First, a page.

I feel like this is the question that literally no one is asking and yet, there are times in the
chicken tending journey where the thought inevitably crosses our minds …
Should I get a rooster?
Or, if you weren’t proactively considering whether or not you should get a rooster, you may be in a position of pondering what should I do with the rooster I got?
My short and sweet answer is: Heck yeah! You should totally get a rooster!
You should totally get a rooster if …
I mean, if you are not in town and you love the natural sound of the Cock-a-Doodle-DO’ing at … well randomly throughout the night, but most certainly as the sun begins to rise. Absolutely, you should get yourself a rooster.
Or … If you’re looking to upset the neighbours and you are wondering how fast the township you live in will respond to the noise complaints of residents hell bent on never allowing backyard chickens in their slice of paradise, then do it, get yourself a rooster.
It’s even great if you’re hoping to train, in an unconventional way, for a 100 meter dash and you figured that a rooster run is the way to go about it.
Maybe you just want to see how quickly you can light up the Facebook comments in your community’s little page as people gripe over what they can only assume is a large scale community’s chicken facility within city limits. How dare someone want to enjoy some beautiful and quirky animals that also poop breakfast!
If you answered yes to any of the above than I think you know what I’m about to say.
One hundred percent, you should get a rooster.
Why Should I Get a Rooster?
In all honesty, I love my rooster and I couldn’t imagine chicken keeping without him.
Here are some practical reasons that a rooster is an excellent addition to your backyard flock and, if you find the right one, why you will love your little Cock-a-Dilly.
- Roosters Fertilize Eggs: Yup, basic biology lesson right here, you need a rooster and a hen to get yourself fertilized eggs and homegrown chicks. While hens will lay you wonderful and tasty eggs without the presence of a rooster, if you want fertilized eggs or some “free” chicks you are going to need yourself a handsome stud (check out some of ours here).
- Roosters Provide Excellent Defence: There is a natural way about the animal kingdom and roosters know what’s up. When it comes to alerting the flock and defending the ladies, a rooster is the way to go (I mean, unless you can get yourself a guard goose those things can literally sleep with one eye open).That being said, and I am going to share with you an embarrassing but also, I mean, I can’t blame the fella, story …
We started our backyard chicken tending journey with some barnyard specials, straight run, hope for the best and expect the worst, birds that my kids absolutely adored. As the odds had it, we ended up with a roo or two. The fella we decided to keep was a fierce defender of the flock, and was known as our training partner in the 100 meter dash.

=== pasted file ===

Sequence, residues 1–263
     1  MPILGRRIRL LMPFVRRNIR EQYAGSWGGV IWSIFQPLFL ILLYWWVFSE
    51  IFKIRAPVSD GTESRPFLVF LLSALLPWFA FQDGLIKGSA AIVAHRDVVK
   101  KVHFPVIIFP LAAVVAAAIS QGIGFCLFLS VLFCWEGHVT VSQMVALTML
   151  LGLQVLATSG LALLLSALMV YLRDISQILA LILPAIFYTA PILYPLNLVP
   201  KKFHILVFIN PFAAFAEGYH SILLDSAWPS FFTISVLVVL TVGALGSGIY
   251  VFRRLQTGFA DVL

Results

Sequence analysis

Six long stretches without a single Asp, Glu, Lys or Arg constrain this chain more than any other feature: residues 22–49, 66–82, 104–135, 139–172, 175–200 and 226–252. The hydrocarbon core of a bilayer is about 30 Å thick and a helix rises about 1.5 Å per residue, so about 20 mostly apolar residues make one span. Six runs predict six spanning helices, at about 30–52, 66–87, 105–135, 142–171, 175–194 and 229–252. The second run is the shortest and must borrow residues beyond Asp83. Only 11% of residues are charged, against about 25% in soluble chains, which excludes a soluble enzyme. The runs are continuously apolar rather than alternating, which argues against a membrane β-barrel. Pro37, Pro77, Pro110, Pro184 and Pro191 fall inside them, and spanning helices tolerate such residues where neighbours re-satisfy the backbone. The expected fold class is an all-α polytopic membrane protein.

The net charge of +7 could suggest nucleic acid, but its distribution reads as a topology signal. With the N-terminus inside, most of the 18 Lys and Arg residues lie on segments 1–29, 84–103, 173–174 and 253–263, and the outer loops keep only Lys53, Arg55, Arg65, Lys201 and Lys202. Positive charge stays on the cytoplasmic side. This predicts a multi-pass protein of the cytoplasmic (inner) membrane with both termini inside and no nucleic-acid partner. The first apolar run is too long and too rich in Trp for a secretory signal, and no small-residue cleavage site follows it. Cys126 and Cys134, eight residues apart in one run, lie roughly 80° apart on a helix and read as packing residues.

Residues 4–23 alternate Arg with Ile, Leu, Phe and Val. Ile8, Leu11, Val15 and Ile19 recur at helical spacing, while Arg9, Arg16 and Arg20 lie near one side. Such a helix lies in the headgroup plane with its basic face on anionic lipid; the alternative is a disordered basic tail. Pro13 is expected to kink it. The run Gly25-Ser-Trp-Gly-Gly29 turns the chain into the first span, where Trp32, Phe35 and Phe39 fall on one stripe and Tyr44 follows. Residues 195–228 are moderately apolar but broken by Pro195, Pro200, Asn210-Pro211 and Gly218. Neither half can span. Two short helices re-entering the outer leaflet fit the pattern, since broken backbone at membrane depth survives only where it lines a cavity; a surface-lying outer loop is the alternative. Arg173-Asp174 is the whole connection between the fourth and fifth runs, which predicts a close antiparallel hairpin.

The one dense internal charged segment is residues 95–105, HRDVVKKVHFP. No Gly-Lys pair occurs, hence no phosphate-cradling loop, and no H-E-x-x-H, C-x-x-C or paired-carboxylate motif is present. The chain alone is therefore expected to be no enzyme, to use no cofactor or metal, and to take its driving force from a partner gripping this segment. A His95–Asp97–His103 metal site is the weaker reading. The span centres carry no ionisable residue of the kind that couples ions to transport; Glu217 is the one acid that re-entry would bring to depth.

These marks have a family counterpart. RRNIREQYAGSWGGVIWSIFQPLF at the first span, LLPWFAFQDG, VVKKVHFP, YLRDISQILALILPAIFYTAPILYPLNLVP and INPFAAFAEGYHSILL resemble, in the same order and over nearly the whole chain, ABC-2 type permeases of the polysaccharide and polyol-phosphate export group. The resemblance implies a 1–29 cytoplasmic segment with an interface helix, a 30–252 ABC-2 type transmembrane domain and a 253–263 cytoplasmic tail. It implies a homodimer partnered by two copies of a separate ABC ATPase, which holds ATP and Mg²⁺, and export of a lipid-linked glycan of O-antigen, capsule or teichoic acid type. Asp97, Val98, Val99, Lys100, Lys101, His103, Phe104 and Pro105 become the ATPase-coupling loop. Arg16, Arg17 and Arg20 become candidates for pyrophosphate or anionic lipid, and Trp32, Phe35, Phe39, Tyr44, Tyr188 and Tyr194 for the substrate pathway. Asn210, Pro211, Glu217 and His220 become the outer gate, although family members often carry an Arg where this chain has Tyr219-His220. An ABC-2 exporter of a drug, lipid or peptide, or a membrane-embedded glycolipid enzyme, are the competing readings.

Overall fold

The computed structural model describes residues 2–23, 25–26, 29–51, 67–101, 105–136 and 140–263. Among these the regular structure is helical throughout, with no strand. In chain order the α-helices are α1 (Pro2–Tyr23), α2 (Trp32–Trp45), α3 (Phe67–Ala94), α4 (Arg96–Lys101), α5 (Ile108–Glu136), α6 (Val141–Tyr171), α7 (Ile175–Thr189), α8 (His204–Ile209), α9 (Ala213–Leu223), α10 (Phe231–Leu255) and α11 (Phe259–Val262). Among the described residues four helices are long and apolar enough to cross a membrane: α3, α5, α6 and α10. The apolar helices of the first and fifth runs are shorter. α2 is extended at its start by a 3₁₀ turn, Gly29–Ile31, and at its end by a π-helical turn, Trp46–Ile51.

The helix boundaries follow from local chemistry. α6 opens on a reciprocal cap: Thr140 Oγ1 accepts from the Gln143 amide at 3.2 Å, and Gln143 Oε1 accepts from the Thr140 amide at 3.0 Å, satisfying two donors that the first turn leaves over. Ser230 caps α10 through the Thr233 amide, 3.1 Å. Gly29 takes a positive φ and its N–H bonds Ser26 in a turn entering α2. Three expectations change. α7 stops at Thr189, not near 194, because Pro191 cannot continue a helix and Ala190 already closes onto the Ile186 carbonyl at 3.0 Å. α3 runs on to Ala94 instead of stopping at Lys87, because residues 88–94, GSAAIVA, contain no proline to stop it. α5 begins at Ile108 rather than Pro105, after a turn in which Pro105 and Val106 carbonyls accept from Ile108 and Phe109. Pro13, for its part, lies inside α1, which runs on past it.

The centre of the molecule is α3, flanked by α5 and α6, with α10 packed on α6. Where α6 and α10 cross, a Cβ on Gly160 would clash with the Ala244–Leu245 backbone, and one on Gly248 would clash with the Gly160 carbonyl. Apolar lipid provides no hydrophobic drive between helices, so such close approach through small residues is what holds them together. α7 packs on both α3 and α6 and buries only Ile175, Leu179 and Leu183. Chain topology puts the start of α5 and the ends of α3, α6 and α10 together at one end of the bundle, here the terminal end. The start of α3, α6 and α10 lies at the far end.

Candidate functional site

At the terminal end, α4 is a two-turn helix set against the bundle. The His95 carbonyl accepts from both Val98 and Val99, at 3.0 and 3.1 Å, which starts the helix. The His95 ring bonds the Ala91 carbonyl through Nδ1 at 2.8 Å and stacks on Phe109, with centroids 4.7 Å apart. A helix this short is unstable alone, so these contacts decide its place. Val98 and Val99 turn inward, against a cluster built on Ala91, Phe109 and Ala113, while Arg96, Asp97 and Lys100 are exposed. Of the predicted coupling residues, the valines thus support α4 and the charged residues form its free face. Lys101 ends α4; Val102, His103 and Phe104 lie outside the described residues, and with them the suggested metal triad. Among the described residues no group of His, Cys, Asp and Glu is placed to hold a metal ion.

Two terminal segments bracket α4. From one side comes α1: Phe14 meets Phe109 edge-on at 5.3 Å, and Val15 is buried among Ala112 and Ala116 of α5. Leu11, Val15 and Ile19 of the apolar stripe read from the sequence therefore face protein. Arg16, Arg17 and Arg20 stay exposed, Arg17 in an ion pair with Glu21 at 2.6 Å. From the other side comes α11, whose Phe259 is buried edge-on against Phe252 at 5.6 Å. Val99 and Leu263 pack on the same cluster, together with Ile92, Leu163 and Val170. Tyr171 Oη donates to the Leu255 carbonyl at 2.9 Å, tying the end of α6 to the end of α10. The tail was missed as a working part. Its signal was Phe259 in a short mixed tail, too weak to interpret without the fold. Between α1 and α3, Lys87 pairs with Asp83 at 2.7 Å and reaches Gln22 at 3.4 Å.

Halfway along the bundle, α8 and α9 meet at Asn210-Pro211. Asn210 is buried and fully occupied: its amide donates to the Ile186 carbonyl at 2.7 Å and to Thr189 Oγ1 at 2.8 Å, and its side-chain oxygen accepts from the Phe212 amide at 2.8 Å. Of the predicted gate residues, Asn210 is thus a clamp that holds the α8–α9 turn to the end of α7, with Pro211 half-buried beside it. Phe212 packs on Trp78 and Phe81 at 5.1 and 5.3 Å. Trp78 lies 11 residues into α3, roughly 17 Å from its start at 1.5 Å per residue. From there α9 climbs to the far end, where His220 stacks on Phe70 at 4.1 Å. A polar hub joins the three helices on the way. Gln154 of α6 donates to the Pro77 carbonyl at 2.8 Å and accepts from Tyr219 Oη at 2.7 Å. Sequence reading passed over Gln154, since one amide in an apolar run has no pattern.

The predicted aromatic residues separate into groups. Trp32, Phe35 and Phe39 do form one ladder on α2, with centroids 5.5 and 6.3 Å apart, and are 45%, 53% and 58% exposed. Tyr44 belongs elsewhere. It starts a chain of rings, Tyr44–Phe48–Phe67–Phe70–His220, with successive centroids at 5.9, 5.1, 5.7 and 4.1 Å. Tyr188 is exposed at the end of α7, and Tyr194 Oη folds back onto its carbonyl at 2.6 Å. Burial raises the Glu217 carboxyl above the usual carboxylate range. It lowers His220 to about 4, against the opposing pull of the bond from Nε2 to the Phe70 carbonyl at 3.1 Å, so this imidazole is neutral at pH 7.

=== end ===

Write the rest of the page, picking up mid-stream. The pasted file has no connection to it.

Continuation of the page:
He was an excellent protector and had saved our hens on a couple of accounts from a hawk and even a fox. He knew his role and he did it well, sometimes too well as my children found out, they are now near Olympic athletes and ready for the sprinting competition so little harm ..no foul.
After losing him, we realized we enjoyed having a rooster but wanted something more … manageable with small children. Enter Colonel Sanders, a tiny Serama Rooster who, doesn’t exactly understand the role of the rooster. Not only is he ineffective at job one (fertilizing the flock) because he is so small and our flock is standard size, but he is also a horrible protector. He can get solid flight and so when trouble arises, he gets the stink out of there.
I don’t entirely blame him, he is pint sized, but … if you’re looking for something other than a wacky alarm clock, Colonel Sanders is not your guy. Back to why you should get a rooster.
- Roosters Keep the Peace in the Henhouse: I mean, if you have ever heard of the pecking order and have heard it compared, ladies night with a bunch of hens just clucking about, you know that the ladies can get a little nasty with one another. Roosters act as a mediator in the flock and control the pecking order because, big or small, a rooster finds himself at the top of the flock which puts the ladies at ease. In reality, there is no bad reason to have a rooster in your flock, whether you want one for practical reasons or you just want a show piece (like our little man), a rooster is a fun and fancy addition to your chicken tending life. Now, I know the next question, is there anything that can be done about the volume of the crow? Sure, a smaller rooster is quieter and I have known hens to out egg song my roosters best crow, but small roosters aren’t always practical (as we can see with the example of Colonel who neither reproduces, despite his valiant efforts, nor defends the flock).
If you decide to get a larger rooster or you find yourself with a straight run flock and happen upon more than one roo, a no crow collar is a great solution to the noise complaints and Facebook rants. We did this with our big guy, Bolt, and – while it doesn’t eliminate the full crow – it does reduce the overall volume of their songs making them much more tolerable.
^^ Don’t go after me on the no crow collar, we swore by it and it was a much better solution than freezer camp, though I will never judge someone for their choice to honour the bird by feeding their family with it, we’ve made that decision a number of times.
At the end of the day, so long as you are not in town and you are permitted to have a rooster, I would say that the are an excellent addition to the flock. AND, if you decide to have a rooster you will need to come back for the “How to Make a Rooster Like Me” post where we discuss avoiding the rooster run.
Let me know, if you have a rooster, what’s his name and can you run faster than him?